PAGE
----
No Name Pops perform tribute to Peter Nero, former frontman of Philly Pops

Many members of the No Name Pops played under Nero when they were with the now-ailing Philly Pops.

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Peter Nero, leader of the Philly Pops, smiles during a sound check on a stage at the foot of the Philadelphia Museum of Art steps, Monday, July 4, 2005, in Philadelphia, as he and other artists prepare to give a free concert with Elton John to celebrate America's Independence and to raise awareness of HIV/AIDS.

File photo: Peter Nero, a Grammy-winning pianist who interpreted pop songs through classical and jazz forms and served as the Philly Pops' conductor for more than three decades, died Thursday, July 6, 2023. He was 89. (AP Poto/Carolyn Kaster, File)

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This Saturday, the No Name Pops, the pops orchestra formed mostly by former members of the Philly Pops, will perform a concert honoring the Philly Pops’ former creative leader, Peter Nero, who died last summer at 89.

The tribute to Nero will include some of his favorite songs, his arrangements that were audience favorites, and some pieces Nero that were rarely heard, according to No Name’s executive director Matthew Koveal.

Most of the musicians had played under Nero when they were with the Philly Pops. Last December, those musicians, through their union, won a lawsuit against the ailing Philly Pops for $300,000 in back pay.

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Now, they are paying tribute to the Philly Pops’ former frontman. The musicians can recreate his music, but they can’t recreate the man himself whose magnetic and larger-than-life stage presence made him beloved by Philadelphia audiences for 39 years.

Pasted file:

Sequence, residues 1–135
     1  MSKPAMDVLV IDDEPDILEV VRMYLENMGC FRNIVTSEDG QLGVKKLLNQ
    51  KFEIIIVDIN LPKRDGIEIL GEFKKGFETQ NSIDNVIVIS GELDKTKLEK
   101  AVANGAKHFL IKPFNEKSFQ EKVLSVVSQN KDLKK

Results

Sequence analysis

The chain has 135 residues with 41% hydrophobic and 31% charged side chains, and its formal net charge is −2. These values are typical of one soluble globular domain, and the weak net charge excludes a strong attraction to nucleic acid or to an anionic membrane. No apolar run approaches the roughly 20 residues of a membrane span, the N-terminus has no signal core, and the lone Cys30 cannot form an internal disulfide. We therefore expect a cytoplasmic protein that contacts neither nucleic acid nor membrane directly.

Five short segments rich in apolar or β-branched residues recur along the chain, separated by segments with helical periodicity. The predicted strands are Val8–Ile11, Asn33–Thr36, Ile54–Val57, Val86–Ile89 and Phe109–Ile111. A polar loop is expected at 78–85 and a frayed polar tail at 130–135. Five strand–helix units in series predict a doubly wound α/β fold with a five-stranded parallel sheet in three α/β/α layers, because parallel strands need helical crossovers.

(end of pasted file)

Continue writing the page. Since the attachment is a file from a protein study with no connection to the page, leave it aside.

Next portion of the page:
Koveal calls Nero a “monster.”

“Monster is a good thing, right? The personality he had took up a room,” he said. “He exhibited a confidence that was difficult to replicate. It was powerful and people enjoyed being around him. That’s why people went to concerts year after year.”

The Nero concert is the latest performance by a new ensemble trying to establish itself out of the tumult of the Philly Pops, which is still working through court proceedings over an antitrust lawsuit against Ensemble Arts, formerly Philadelphia Orchestra and Kimmel Center, claiming Ensemble was deliberately ruining the Pops.

The Philly Pops have not performed in more than a year. When asked if the Pops might start performing again, president and CEO Karen Corbin would not comment due to ongoing litigation.

The No Name Pops have made moves that appear to replace the Philly Pops: they performed on the Philly Pops’ former home turf, Verizon Hall, performed a holiday concert in the Philly Pops’ signature style, and now played a tribute to Peter Nero, the Philly Pops’ most recognizable figure.

“I wouldn’t say the replacement, although it may seem that way. We’re focusing on ourselves,” Koveal said. “All I know is that there is a void of music in the city. The musicians who created this entity, they wanted to keep performing for the patrons that so desperately wanted us to keep performing.”

One thing No Name Pops has not done is announce a season. Since its first ticketed performance in October 2023, the orchestra has operated by the seat of its pants: planning, booking, and announcing dates one at a time.

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That makes it difficult to book guest artists who typically schedule their seasons well in advance and to engage some audience members accustomed to subscribing to a series of tickets all at once.

But Koveal says it is the most fiscally responsible model now. He said No Name Pops is slowly building funding and resources, starting a year ago with $0 and now operating with a relatively modest budget of $365,000.

“We’re running a marathon when we should be crawling. We should have a staff of five people, and we have a full-time staff of one person,” he said. “We’re doing what we can. It’s not going to be perfect along the way, but the only thing that is perfect is music for people to listen to.”

“Timeless: A Tribute to the Legacy of Peter Nero” will be performed once as a matinee on Saturday, April 20, at the Kimmel Center.

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